How did you decide to produce and direct a film on the suffrage movement in Alabama?
After the success of the documentary on Nina Miglionico, the Alabama State Bar approached me about creating a film on suffrage in Alabama. The film was to be part of the State Bar's celebration of the 100th anniversary of the 19th Amendment.
The planning for the 100th anniversary celebration began about two years ago. The committee planned several celebratory events throughout the state and the film was part of those plans. Once the pandemic hit, most of the events were cancelled so the film had even more significance. The state and local bars showed the film on the anniversary of the formal adoption of the 19th Amendment, August 26, 2020, and it can still be seen on the websites for the Alabama Bar and Alabama Public Television.
How did you research for the film?
I did the majority of research on my own by using the resources from several different libraries. Due to my work on the documentary about Ms. Miglionico, I had developed relationships with the archivists at the University of Alabama School of Law and the City of Birmingham's Public Library. The archives at those libraries were key to my research. One of the greatest resources was a thesis that was written in 1949 by an Alabama graduate, John Irving Lumpkin, about the equal suffrage movement in Alabama.
How was this different from your first film?
This was the first time I ever wrote a script, which really pushed me outside of my comfort zone. Lumpkin's thesis was very helpful in identifying key points I wanted the narrators to make during the film. We had a very small budget, so I had a few local actors but relied primarily on friends and colleagues to help tell the story.
What did you learn about the suffrage movement?
I learned so much, which is why I love creating documentaries. I knew about the famous suffragists such as Susan B. Anthony, Sojourner Truth, and Carrie Chapman Catt, but what I didn't know about was all the fascinating side stories, many that didn't even make it to the film. It was interesting to learn about the women fighting for suffrage in a state that wasn't particularly interested in granting them that right. I learned about the Tennessee legislator, Henry Burn, who was the youngest member of the state legislature and leaned to the anti-suffrage camp. The morning of the vote on the Amendment, Burn received a note from his mother that said, "Be a good boy and help Mrs. [Carrie Chapman] Catt put the 'rat' in ratification." Burn was the deciding vote and Tennessee became the 36th state to ratify the 19th Amendment, making women's suffrage legal in the United States.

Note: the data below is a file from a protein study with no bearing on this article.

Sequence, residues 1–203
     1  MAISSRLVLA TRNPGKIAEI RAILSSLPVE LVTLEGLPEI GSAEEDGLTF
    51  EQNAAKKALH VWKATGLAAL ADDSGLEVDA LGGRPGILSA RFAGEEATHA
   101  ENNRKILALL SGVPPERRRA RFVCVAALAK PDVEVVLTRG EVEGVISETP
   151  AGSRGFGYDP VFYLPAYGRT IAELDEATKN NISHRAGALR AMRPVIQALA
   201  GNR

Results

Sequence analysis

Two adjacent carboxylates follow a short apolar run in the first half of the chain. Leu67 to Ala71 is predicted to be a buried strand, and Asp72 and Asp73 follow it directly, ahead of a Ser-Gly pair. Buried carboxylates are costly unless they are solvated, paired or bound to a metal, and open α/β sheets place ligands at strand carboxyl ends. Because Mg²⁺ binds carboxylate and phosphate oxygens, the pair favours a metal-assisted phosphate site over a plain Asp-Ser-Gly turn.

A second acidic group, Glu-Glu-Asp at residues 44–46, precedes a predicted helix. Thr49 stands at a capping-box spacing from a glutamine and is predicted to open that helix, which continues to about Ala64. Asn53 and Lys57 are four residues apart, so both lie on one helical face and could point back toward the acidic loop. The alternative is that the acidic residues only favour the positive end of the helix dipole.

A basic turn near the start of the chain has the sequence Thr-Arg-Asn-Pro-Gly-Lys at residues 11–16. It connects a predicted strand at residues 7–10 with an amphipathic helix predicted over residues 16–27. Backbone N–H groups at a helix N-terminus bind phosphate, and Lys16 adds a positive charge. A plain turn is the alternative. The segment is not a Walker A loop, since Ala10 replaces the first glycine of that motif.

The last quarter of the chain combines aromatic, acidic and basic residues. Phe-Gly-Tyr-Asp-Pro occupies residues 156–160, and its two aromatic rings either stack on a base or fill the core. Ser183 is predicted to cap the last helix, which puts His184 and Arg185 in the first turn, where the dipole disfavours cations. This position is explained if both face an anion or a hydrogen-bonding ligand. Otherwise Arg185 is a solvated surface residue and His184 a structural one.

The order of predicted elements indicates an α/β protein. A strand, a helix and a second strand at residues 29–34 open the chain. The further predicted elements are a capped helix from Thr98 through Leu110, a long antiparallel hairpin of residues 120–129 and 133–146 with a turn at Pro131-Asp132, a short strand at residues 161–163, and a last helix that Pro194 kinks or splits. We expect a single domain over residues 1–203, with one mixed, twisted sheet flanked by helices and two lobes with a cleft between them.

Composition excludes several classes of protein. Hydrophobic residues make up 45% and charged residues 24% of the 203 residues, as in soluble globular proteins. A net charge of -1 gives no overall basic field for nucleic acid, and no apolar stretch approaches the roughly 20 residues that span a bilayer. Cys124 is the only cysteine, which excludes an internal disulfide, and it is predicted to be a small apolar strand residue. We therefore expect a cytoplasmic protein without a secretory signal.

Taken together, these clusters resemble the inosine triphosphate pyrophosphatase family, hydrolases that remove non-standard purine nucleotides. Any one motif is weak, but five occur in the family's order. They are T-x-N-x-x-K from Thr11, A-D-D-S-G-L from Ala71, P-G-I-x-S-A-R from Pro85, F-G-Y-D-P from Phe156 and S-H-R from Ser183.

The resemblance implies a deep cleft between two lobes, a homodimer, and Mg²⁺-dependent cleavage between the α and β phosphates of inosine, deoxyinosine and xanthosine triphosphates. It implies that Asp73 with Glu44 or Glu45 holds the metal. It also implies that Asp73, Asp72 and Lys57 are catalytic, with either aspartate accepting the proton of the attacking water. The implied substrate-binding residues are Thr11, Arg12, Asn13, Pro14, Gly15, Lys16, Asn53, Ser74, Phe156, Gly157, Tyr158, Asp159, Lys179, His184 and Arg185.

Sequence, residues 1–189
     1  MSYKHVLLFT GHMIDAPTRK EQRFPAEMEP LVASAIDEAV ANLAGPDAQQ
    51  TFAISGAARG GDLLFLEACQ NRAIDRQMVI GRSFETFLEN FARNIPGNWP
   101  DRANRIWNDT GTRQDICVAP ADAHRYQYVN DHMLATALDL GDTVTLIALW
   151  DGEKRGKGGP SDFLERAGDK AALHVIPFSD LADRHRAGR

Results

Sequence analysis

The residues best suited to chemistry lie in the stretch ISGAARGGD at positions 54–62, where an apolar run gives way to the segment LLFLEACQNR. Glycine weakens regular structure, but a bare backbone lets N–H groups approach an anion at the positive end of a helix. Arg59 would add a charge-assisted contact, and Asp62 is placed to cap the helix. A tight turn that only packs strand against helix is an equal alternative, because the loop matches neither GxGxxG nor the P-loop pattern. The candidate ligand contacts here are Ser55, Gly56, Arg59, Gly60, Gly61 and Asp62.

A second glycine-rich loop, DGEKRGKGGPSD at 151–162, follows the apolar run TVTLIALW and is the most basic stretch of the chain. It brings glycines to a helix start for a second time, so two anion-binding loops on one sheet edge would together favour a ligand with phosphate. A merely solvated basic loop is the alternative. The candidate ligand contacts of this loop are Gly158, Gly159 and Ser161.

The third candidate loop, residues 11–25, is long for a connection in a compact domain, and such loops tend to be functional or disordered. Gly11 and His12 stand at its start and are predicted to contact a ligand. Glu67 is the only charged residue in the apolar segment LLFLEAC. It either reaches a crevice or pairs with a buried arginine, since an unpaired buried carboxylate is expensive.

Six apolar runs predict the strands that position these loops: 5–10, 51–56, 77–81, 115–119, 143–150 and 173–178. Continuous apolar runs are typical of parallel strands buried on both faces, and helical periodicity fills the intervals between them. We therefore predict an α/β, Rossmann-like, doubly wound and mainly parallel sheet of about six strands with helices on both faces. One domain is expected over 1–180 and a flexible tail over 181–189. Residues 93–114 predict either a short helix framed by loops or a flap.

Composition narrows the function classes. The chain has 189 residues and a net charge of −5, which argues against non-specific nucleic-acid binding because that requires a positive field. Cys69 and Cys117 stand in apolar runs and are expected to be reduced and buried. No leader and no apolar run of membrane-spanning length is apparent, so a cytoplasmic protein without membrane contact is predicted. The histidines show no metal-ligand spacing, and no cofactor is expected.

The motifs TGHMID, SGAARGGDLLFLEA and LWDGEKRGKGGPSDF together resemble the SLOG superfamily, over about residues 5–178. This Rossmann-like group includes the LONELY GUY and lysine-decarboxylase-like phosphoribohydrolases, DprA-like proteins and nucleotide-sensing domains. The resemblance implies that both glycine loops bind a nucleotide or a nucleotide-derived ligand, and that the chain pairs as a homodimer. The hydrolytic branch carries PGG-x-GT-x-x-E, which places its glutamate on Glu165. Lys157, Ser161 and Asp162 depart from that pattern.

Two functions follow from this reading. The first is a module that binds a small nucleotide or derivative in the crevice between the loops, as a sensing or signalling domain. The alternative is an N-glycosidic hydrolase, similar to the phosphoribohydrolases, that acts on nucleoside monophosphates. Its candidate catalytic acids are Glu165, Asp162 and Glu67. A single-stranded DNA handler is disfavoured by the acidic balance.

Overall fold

Because I am a lawyer, I was also fascinated to read about the Susan B. Anthony trial. Ms. Anthony was arrested when she knowingly illegally voted in a federal election. The judge did not allow the jurors to discuss the case, but instead directed them to find Anthony guilty. He sentenced her to pay a $100 fine and she defiantly said the she would never pay a dollar of the fine ever and she never did. She even had people who tried to pay on her behalf, and she refused. President Trump posthumously pardoned Susan B. Anthony on the 100th anniversary of the 19th Amendment.
One thing I have learned from both films is that real change requires "the other." In order to have women's suffrage, it was necessary to have men support it.
Any other women's issues you would like to address in a documentary?
I am working on a screenplay for a narrative feature that focuses on four strong women characters.
You may access The Fight for The Fight for the Noblest Democracy here. The recording of the panel discussion about the film and to commemorate the 100-year anniversary of Congress' passage of the 19th Amendment to the Constitution is available here.